AIG, the world’s largest insurer by market value, is now expecting $800 million in claims from the World Trade Center before taxes and net of reinsurance, Chairman Maurice Greenberg said in a conference call.
According to a Reuters report, this estimate is up from the firm’s initial estimate of $500 million in losses, made two days following the Sept.11 attack. Insurers and reinsurers worldwide have increased their loss estimates from the attack in recent weeks, and are now figuring to pay $40 billion or more in overall claims related to the tragedy.
Greenberg also said AIG would take $1.36 billion in one-time charges related to its purchase of insurer American General Corp. in its third-quarter results, expected on Oct. 25.
Some 40 percent of the charges – about $520 million — covers direct costs of the deal, including investment bank fees, employee severance costs and compensating American General executives, AIG indicated in a later filing with the Securities and Exchange Commission.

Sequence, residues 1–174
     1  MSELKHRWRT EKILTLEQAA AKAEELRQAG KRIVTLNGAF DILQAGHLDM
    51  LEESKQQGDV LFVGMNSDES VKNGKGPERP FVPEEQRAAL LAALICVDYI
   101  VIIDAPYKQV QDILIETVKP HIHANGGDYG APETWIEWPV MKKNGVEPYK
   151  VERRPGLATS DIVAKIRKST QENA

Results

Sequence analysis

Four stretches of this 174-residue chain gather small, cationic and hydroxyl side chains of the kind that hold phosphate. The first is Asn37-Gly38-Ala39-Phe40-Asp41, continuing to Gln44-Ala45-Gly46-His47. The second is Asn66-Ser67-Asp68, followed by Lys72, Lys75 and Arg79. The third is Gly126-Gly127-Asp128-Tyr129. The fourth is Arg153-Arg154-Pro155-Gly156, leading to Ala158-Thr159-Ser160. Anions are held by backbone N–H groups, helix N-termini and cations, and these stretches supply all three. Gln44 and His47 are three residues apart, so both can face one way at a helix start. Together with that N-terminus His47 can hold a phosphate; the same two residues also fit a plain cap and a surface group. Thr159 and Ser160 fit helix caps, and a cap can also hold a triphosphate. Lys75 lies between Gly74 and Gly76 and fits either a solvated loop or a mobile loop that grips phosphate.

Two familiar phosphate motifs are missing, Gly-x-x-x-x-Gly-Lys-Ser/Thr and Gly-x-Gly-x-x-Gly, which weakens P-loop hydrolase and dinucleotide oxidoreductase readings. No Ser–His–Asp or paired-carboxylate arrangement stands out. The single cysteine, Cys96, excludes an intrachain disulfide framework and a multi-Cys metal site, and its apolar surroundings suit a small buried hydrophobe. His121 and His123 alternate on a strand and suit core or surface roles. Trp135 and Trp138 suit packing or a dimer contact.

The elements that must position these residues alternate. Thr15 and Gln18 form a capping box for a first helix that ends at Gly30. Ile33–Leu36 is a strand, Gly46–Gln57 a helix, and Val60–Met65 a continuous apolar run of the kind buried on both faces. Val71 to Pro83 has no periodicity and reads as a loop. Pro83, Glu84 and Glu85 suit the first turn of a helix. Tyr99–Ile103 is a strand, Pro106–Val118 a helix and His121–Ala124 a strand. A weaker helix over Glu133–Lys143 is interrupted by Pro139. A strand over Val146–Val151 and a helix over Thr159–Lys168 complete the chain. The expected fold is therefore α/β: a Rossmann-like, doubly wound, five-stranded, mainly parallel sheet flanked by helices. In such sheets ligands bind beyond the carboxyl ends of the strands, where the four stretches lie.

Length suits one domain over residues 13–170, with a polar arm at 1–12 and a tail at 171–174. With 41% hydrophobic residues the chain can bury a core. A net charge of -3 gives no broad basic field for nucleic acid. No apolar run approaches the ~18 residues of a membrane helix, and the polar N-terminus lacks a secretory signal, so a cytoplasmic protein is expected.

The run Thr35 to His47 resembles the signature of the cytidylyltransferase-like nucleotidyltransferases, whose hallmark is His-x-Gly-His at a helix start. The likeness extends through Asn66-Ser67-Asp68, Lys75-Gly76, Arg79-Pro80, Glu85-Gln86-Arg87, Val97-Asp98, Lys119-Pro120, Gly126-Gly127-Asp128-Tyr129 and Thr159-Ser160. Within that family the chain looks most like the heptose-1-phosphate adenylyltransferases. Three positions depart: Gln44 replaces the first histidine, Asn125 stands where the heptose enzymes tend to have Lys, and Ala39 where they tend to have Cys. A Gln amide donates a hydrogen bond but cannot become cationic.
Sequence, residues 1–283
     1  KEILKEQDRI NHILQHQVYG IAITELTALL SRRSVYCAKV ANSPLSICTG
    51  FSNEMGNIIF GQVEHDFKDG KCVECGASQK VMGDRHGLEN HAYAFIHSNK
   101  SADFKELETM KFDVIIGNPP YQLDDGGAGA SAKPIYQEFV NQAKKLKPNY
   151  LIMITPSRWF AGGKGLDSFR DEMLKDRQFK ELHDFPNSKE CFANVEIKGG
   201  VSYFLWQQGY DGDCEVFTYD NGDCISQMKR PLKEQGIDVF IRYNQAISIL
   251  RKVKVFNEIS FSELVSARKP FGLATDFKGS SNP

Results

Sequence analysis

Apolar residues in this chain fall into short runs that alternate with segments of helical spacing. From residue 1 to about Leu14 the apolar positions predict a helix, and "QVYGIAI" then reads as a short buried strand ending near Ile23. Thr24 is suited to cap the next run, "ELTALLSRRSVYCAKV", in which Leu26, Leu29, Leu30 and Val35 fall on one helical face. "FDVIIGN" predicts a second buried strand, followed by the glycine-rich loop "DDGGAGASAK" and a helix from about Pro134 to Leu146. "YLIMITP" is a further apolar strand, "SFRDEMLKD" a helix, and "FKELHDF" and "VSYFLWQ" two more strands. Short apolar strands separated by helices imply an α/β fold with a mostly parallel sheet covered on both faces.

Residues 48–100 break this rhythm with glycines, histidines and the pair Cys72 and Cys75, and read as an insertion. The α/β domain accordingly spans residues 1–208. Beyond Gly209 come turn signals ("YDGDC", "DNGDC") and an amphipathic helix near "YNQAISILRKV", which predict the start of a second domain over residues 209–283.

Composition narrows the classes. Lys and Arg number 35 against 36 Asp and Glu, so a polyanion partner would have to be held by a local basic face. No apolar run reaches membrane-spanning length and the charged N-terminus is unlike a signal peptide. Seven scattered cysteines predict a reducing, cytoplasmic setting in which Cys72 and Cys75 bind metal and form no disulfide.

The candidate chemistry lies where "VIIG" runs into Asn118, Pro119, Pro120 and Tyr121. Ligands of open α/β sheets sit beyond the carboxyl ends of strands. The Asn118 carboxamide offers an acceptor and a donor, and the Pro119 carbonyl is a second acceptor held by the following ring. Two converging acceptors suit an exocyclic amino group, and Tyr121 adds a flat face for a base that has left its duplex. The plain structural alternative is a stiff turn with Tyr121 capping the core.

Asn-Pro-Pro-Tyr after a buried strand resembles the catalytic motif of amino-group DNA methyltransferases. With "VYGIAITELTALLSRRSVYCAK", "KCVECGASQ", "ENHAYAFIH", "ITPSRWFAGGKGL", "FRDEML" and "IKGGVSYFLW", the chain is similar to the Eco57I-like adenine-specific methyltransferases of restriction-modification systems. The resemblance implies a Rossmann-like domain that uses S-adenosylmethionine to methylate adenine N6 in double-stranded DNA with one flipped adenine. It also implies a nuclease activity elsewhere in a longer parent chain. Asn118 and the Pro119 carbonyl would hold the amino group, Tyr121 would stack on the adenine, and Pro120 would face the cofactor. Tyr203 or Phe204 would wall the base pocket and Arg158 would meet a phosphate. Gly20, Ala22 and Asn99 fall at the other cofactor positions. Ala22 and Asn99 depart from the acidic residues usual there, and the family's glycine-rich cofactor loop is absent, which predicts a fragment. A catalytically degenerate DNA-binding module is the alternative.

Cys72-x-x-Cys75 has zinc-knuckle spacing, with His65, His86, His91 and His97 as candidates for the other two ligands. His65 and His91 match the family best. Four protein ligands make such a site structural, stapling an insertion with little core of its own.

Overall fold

AIG plans to trim around 1,500 jobs from its 85,000 employee total over the next 18 months, and must also pay severance to Robert Devlin, American General’s CEO, who quit the firm shortly after the deal closed in late August.
The remainder of the charges — about $840 million — include the cost of closing down operations as American General is integrated into AIG, plus the write down of some assets and goodwill. That includes a charge of $125 million to write off losses from collateralized debt obligations, investments which must now be accounted for at market value, after recent changes in auditing practices. Last quarter, a number of other insurers took charges on similar investments.
Greenberg confirmed previous comments that the firm is targeting annual savings of $400 million from the deal.
He added that excluding the one-time charges and World Trade Center losses, AIG’s core third-quarter earnings, which will include the operations of American General, were “pretty much on target”.
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